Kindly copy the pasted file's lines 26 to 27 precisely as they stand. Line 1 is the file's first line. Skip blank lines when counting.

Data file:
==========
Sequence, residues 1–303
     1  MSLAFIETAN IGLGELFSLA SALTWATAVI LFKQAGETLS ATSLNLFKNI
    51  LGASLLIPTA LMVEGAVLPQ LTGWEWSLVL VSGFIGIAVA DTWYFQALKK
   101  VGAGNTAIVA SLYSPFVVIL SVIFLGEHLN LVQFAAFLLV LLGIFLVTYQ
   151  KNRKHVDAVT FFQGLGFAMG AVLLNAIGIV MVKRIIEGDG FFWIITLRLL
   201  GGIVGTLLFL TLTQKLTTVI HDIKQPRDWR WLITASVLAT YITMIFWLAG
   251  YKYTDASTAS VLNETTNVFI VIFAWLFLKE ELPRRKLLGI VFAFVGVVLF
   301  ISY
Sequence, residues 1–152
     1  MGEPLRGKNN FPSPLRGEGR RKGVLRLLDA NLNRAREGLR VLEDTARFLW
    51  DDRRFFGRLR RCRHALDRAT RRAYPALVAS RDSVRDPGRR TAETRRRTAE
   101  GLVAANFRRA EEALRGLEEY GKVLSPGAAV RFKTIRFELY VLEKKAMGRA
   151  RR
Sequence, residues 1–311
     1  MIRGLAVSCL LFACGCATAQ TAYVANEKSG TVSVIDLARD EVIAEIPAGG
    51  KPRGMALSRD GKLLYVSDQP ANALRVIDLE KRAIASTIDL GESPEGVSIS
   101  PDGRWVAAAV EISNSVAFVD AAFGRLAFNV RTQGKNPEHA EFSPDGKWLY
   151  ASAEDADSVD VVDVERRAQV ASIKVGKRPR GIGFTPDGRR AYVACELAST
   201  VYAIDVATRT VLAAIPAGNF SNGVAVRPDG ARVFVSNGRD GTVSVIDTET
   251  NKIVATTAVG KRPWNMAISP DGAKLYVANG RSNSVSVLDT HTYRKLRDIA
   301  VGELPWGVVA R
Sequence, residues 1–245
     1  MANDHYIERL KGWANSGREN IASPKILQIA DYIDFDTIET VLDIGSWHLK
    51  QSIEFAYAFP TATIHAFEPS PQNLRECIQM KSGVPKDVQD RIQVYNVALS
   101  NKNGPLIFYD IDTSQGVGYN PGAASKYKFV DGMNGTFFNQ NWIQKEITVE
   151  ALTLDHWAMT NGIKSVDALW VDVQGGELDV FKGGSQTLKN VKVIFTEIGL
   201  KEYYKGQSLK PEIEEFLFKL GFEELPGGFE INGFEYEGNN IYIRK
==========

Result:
   151  ALTLDHWAMT NGIKSVDALW VDVQGGELDV FKGGSQTLKN VKVIFTEIGL
   201  KEYYKGQSLK PEIEEFLFKL GFEELPGGFE INGFEYEGNN IYIRK